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I had posted an urn probability problem that didn't have good motivation. I'd like to try to explain the motivation here, and reintroduce the problem.

Consider binary sequences of length $2n$. Let's say we put a marker in such a sequence as soon as we see a total of $n$ 0's or $n$ 1's, reading left to right. For example, if $n=4$, then the sequence 00101011 would receive a marker thus: 001010|11. Now write down the bits to the right of the marker. In the case of our example, this would be 11. Do this for every binary sequence of length $2n$. We observe that we have written down $2n\binom{2n}{n}$ bits, half 0's and half 1's. It is possible to prove this observation using binomial coefficient identities, but I wonder whether there is a simple bijective proof.

The previous urn problem was an equivalent probabilistic formulation of the case $n=5$.

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(I added a link to the earlier question and I reformatted a little for readability.) – François G. Dorais Jun 28 '10 at 17:40

Given the symmetry between 0 and 1 past the end of the first "run" of n equal digits, it does not matter whether we count zeros or ones after a "run" of n zeros. That is, if we only count zeros after n zeros and ones after n ones, we should get $n\binom{2n}{n}$. This count is the total number of excess (over n) digits in all the bit patterns of length 2n, and these are split evenly between zeros and ones, denote by $S=\sum_{k=0}^{n}k\binom{2n}{n+k}$ this half-count.

We have $\binom{2n}{n+k}(n+k) = \binom{2n}{n+k-1}(n-k+1)$ -- both are the number of partitions of 2n elements into sets of size n+k-1, n-k and 1. Hence $$S+\sum_{k=0}^{n} n\binom{2n}{n+k} = \sum_{k=0}^{n} \binom{2n}{n+k}(n+k) = \sum_{k-1=-1}^{n-1} \binom{2n}{n+(k-1)}(n-(k-1)) =$$ $$= \sum_{k-1=-1}^{n} \binom{2n}{n+(k-1)}(n-(k-1)) = \binom{2n}{n-1}(n+1) + \sum_{k=0}^{n} n\binom{2n}{n+k} - S$$ and we have $2S=(n+1)\binom{2n}{n-1} = n\binom{2n}{n}$ as required.

This is essentially counting all zeros in the patterns which have an excess of zeros with weight -1 and all ones in the patterns which have at least as many ones as zeros with weight +1, and noticing that we get $n\binom{2n}{n}$ by straight counting (only the n+n patterns are not pairwise annihilated with their complementary sequence) on one hand and $2S$ on the other hand (we can pair a bit pattern with a selected majority digit with a pattern with a selected minority digit and count each excess majority digit twice in doing so).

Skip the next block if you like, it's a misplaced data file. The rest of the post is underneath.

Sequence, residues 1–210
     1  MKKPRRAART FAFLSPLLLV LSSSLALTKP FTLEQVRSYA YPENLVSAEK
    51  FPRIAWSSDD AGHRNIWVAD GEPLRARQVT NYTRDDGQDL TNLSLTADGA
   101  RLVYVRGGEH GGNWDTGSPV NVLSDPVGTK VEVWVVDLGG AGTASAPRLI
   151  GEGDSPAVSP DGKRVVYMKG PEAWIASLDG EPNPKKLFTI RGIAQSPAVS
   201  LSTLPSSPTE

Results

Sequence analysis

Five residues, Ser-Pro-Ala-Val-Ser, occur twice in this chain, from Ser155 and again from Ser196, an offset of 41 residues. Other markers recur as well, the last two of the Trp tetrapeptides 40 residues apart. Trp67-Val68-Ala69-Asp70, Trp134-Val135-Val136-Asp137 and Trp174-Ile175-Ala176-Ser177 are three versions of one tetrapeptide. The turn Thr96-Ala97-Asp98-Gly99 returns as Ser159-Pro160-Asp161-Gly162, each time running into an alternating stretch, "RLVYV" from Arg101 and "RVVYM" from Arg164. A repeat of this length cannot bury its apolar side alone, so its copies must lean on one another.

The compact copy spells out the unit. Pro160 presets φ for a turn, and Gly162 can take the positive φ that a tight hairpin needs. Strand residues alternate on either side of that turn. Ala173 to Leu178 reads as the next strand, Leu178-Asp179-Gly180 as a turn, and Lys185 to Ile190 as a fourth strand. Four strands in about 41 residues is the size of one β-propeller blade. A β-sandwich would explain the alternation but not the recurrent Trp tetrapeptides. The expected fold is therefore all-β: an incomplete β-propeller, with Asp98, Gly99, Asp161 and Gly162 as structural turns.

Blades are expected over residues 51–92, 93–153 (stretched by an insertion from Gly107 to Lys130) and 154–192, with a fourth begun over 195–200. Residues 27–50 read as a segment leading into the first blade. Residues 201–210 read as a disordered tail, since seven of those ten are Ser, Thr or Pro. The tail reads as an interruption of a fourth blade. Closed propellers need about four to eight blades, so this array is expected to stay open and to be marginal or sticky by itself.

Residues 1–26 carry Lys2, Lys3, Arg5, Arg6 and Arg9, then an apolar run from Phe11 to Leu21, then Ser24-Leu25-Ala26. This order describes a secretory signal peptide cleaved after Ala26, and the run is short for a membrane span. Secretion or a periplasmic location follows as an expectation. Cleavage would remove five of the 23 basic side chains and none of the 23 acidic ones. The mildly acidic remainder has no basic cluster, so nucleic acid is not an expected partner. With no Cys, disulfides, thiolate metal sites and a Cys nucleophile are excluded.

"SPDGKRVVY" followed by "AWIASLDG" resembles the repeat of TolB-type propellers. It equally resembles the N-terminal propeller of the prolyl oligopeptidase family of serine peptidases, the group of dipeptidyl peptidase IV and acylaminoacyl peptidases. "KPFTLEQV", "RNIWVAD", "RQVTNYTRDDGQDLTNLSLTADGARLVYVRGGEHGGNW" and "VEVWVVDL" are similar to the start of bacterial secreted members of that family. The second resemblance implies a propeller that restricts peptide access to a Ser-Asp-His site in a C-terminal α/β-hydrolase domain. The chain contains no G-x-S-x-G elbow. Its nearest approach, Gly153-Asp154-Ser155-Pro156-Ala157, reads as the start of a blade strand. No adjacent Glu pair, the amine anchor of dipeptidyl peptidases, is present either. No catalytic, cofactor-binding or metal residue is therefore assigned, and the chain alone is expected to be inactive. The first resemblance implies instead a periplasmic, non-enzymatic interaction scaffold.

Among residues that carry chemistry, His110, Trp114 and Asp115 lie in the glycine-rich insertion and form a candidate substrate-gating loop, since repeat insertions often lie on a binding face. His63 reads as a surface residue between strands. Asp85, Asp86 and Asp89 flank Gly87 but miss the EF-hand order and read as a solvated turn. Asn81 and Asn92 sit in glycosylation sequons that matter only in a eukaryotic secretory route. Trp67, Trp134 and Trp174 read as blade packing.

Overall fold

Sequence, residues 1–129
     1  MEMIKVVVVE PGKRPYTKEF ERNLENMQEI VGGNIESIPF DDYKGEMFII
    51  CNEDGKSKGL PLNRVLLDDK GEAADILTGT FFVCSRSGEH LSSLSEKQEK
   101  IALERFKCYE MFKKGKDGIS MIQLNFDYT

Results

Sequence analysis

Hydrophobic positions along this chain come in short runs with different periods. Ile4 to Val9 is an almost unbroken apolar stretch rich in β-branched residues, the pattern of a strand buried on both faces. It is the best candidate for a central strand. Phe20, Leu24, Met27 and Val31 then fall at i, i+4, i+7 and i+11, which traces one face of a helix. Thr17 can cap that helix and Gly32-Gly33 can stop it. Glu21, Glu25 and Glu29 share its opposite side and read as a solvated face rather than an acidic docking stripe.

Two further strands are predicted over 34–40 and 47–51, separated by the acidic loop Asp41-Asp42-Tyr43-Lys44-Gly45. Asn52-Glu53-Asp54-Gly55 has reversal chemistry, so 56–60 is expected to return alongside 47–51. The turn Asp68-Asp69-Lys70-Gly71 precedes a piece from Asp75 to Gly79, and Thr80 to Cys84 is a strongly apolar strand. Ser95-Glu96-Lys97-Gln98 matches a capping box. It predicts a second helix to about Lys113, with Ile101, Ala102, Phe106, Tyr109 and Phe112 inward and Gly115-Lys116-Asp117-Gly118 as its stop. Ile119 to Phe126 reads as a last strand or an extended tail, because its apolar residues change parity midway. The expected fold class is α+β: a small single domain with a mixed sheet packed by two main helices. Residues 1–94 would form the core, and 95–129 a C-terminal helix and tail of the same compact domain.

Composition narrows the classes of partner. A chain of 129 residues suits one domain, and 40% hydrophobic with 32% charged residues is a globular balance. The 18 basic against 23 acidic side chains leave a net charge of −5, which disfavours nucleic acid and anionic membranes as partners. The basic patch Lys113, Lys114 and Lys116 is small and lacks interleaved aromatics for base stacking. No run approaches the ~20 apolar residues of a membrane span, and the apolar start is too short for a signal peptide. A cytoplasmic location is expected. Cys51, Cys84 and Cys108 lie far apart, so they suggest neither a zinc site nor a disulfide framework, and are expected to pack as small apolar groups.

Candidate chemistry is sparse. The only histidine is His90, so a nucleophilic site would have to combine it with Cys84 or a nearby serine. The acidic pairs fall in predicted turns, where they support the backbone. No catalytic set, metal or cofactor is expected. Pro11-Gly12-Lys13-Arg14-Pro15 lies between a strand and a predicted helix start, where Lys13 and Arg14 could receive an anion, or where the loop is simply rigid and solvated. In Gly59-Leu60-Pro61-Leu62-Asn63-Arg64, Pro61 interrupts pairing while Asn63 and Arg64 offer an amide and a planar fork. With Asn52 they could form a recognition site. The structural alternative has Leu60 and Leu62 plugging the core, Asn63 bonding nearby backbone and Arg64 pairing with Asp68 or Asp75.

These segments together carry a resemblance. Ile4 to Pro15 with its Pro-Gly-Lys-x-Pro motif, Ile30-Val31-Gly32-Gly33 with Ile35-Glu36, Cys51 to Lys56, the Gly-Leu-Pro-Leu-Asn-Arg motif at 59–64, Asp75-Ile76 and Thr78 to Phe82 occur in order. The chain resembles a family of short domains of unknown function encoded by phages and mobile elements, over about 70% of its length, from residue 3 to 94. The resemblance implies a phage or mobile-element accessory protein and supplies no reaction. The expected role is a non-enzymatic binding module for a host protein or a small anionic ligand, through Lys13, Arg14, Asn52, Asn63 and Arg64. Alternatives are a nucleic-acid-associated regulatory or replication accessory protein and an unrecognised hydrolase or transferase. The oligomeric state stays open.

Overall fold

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To see that you should get half 0s and half 1s: flip all the bits in a string which ends in k 1's and get a string that ends in k 0's. For example, 001010|11 is paired with 110101|00.

I'm not sure how to show bijectively that there are $n {2n \choose n}$ of each, though.

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Note that the digits after the marker need not be all 1s or all 0s, because the original string needn't have an equal number of 1s and 0s. This doesn't affect your answer, but it's important to remember when you're trying to solve the bigger question. – Jonah Ostroff Jun 29 '10 at 1:20
I don't think Martin was asking for a proof of the fact that half are 0's and half are 1's. That part is pretty obvious from symmetry. For every bit sequence being considered, so is its complement. So the counts of 1's and 0's to the right of marker, when summed over all the possible bit strings, will be the same. – I. J. Kennedy Jun 29 '10 at 5:25
Jonah, you're right. I was misled by the example string which did have an equal number of 0s and 1s. – Michael Lugo Jun 29 '10 at 14:38

Let's say we consider the set of strings in which we see $n$ zeros first (by symmetry, this should be half the total number). Fix the number of 1s also encountered to be $k$. then the total remaining number of bits is $n-k$, and so we can see all possible strings on n-k bits, each of which is of length $n-k$.

But there are $\binom{n+k-1}{k}$ ways of placing the $k$ ones to give distinct prefixes, and so the desired sum appears to be (replacing $k$ by $n-i$) $$ \sum_{i=0}^n i 2^i \binom{2n-i-1}{n-i}$$

I'm not adept enough at manipulating binomial identities to figure out what this should be.

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